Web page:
Survival manuals consistently advise against drinking seawater.[8] A summary of 163 life raft voyages estimated the risk of death at 39% for those who drank seawater, compared to 3% for those who did not. The effect of seawater intake on rats confirmed the negative effects of drinking seawater when dehydrated.[9] (In contrast to humans, pelagic birds and other sea animals can (and must) drink sea water without ill effects.)

Historical experiences[edit]

Some historians have suggested that the mysterious sicknesses afflicting the early English colonists at Jamestown, Virginia (1607–1610)—which nearly extinguished the settlement—reflect sea water poisoning. The settlers arrived in the spring, when the James River water was relatively fresh, but by summer a drought of historical magnitude had rendered it much more brackish. The historical geographer Carville Earle, among others, holds to this view.[10]

The temptation to drink seawater was greatest for sailors who had expended their supply of fresh water, and were unable to capture enough rainwater for drinking. This frustration was described famously by a line from Samuel Taylor Coleridge's epic poem The Rime of the Ancient Mariner (1798):

"Water, water, everywhere,
And all the boards did shrink;
Water, water, everywhere,
Nor any drop to drink."

References[edit]

  1. ^ Saunders, N.; Balfe, J. W.; Laski, B. (1976). "Severe salt poisoning in an infant". J. Pediatr. 88 (2): 258–61. doi:10.1016/s0022-3476(76)80992-4. PMID 1249688.
  2. ^ Paut, O.; André, N.; Fabre, P.; Sobraquès, P.; Drouet, G.; Arditti, J.; Camboulives, J. (1999). "The management of extreme hypernatraemia secondary to salt poisoning in an infant". Paediatr. Anaesth. 9 (2): 171–174. doi:10.1046/j.1460-9592.1999.9220325.x. PMID 10189662.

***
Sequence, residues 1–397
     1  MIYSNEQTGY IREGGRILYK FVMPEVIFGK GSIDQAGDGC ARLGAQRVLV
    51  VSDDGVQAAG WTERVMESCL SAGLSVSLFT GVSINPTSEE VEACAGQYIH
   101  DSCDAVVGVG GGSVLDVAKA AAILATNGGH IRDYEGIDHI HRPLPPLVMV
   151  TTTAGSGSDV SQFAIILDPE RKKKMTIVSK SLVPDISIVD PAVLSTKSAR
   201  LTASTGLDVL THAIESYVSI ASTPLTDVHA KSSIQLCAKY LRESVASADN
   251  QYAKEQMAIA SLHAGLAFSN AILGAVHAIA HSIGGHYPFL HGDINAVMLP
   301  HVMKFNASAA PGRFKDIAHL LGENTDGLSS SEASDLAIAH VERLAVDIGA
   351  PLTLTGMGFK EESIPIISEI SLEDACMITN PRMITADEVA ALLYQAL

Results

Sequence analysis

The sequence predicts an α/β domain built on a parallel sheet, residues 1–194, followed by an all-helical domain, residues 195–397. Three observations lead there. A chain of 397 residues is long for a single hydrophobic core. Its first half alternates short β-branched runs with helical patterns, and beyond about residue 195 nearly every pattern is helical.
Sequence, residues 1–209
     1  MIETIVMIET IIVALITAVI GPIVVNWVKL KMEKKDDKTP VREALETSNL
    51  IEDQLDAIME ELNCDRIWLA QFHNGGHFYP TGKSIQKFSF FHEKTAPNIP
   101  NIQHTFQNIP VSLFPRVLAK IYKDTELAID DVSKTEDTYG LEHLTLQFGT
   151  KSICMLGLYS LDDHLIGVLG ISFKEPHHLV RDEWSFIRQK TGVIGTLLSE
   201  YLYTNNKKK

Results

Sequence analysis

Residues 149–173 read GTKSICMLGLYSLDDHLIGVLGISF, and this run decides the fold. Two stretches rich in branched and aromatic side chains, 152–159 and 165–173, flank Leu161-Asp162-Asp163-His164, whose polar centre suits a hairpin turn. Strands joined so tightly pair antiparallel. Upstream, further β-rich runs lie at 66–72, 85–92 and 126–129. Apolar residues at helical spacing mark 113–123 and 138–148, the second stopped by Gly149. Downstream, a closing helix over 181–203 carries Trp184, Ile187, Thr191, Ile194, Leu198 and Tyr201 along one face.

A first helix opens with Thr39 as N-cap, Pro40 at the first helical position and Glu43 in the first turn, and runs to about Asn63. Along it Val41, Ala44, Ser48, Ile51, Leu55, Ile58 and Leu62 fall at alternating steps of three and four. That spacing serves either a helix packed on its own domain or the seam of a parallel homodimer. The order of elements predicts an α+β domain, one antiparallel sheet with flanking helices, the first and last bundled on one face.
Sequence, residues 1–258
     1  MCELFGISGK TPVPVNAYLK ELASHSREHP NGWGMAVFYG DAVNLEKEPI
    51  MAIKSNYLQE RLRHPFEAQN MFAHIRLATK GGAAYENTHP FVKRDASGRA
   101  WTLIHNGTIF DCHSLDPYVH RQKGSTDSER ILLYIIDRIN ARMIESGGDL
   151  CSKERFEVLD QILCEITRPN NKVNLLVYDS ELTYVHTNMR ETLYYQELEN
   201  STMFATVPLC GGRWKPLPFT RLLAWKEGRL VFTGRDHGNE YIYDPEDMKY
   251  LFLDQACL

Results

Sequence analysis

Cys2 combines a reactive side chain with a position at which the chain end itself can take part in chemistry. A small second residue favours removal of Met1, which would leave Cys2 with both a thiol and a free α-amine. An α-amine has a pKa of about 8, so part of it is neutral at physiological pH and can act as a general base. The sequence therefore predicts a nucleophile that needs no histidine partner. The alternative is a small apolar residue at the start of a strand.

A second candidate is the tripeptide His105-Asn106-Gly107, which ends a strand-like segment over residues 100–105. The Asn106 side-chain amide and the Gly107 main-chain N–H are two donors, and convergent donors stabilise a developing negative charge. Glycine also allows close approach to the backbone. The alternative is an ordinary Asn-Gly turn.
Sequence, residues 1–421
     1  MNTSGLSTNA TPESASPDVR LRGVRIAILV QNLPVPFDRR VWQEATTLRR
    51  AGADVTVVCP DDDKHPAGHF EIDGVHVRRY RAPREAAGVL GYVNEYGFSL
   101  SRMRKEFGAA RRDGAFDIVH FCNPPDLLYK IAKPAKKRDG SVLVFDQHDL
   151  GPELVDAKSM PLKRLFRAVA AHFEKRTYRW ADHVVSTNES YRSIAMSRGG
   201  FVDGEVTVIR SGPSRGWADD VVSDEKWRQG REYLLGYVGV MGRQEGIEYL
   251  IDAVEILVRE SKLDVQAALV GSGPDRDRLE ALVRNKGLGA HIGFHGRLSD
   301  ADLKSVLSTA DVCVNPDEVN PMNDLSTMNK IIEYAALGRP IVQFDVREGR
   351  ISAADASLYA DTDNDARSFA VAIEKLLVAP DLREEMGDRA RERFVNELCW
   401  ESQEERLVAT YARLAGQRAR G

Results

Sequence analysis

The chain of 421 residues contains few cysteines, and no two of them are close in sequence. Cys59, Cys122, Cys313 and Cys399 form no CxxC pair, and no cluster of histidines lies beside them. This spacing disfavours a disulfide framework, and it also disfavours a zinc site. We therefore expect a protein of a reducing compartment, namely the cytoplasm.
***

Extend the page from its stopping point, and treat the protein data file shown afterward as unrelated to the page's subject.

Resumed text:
3. ^ Saunders, Russell (2016), "A Mother Accused"; CBS News (16 September)
  4. ^ Carlberg, D. J.; Borek, H. A.; Syverud, S. A.; Holstege, C. P. (2013). "Survival of Acute Hypernatremia Due to Massive Soy Sauce Ingestion". J. Emerg. Med. 45 (2): 228–231. doi:10.1016/j.jemermed.2012.11.109. PMID 23735849.
  5. ^ Ofran, Y.; Lavi, D.; Opher, D.; Weiss, T. A.; Elinav, E. (2004). "Fatal voluntary salt intake resulting in the highest ever documented sodium plasma level in adults (255 mmol L−1) a disorder linked to female gender and psychiatric disorders". J. Intern. Med. 256 (6): 525–528. doi:10.1111/j.1365-2796.2004.01411.x. PMID 15554954.
  6. ^ Larry J. Thompson, DVM, PhD, DABVT, Senior Research Scientist, Nestlé Purina PetCare. "Salt Toxicity". Merck & Co., Inc., Kenilworth, NJ, USA.CS1 maint: multiple names: authors list (link)
  7. ^ "Can humans drink seawater?". National Ocean Service (NOAA).
  8. ^ "29". Shipboard Medicine (PDF). Retrieved 17 October 2010.
  9. ^ Etzion, Z.; Yagil, R. (1987). "Metabolic effects in rats drinking increasing concentrations of seawater". Comp Biochem Physiol A. 86 (1): 49–55. doi:10.1016/0300-9629(87)90275-1. PMID 2881655.
  10. ^ "Cohen, Jennie (17 Oct 2011), "Did Jamestown's Settlers Drink Themselves to Death?"; History.com.